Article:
If you haven't guessed already, MMPR isn't a hard game, but given its audience, that's fine. I guess this is one of the first few instances where a licensed game meant for kids actually felt like a game kids could feasibly play. Look at that damn health bar! And you can still fill it up beyond that point! NOBODY is going to lose that much health playing this game! Nobody with even the slightest modicum gaming prowess is going to lose an entire stock of lives and see a Game Over screen. But again, that's okay, because this game is for kids.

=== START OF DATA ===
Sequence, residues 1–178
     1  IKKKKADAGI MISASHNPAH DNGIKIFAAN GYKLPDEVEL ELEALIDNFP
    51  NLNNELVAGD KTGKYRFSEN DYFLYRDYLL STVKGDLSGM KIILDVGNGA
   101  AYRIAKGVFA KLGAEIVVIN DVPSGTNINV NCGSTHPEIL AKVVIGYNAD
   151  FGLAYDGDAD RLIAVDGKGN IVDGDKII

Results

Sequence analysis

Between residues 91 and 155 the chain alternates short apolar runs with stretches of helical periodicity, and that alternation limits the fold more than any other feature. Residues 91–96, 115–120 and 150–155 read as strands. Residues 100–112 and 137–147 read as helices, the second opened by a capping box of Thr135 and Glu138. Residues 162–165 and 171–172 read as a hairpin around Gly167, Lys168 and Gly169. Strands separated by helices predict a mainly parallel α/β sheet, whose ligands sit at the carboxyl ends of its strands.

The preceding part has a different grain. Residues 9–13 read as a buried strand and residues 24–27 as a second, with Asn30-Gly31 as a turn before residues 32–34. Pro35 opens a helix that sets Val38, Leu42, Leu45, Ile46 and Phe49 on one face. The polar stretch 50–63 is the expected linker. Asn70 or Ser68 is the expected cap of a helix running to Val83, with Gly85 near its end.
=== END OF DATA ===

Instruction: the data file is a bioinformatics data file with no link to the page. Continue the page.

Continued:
MMPR sports a strangely lop-sided visual presentation. Firstly, the Power Rangers themselves look great. It's clear that pretty much all the effort put into the visual package was dumped in here, bland backgrounds and enemies be damned. Why not though, since the promise of Power Rangers is why parents bought their stupid kids these games anyway. In their stupid teenager forms, each character sports a pretty damn impressive frame count. Lots of the silly over-the-top martial arts moves have been faithfully reproduced here and are smooth as silk, and even something as simple as their damn running animations seem to sport more sprite work than most games would see in either the 8 or 16-bit eras. In Ranger form, this count drops considerably (which I find incredibly odd) and they look like mere palette swaps with the only difference being their special weapons. Going lower on the graphical quality pole we arrive at the game's bosses which are colorful representations of some of the monster-of-the-week fodder kids are likely to remember from the show. They look nice and are decently animated, but aren't really going to strike you as all that intimidating or boss-like. On this same level we have the Zord battles near the end of the game, and again, they're good representations, but nothing spectacular. Then we arrive at the end of the pole that's sitting right in the poopy (mandatory poop association complete!), the enemies -- or rather...The enemy. Throughout every stage of the game you'll be faced with only one type of enemy: The Putty. You'll fight them in droves with the only relief from graphical boredom coming from the all-too-short boss encounters. In a game that's already not doing itself any favors gameplay-wise, the boring visuals only serve to make you realize just how truly monotonous this whole thing is.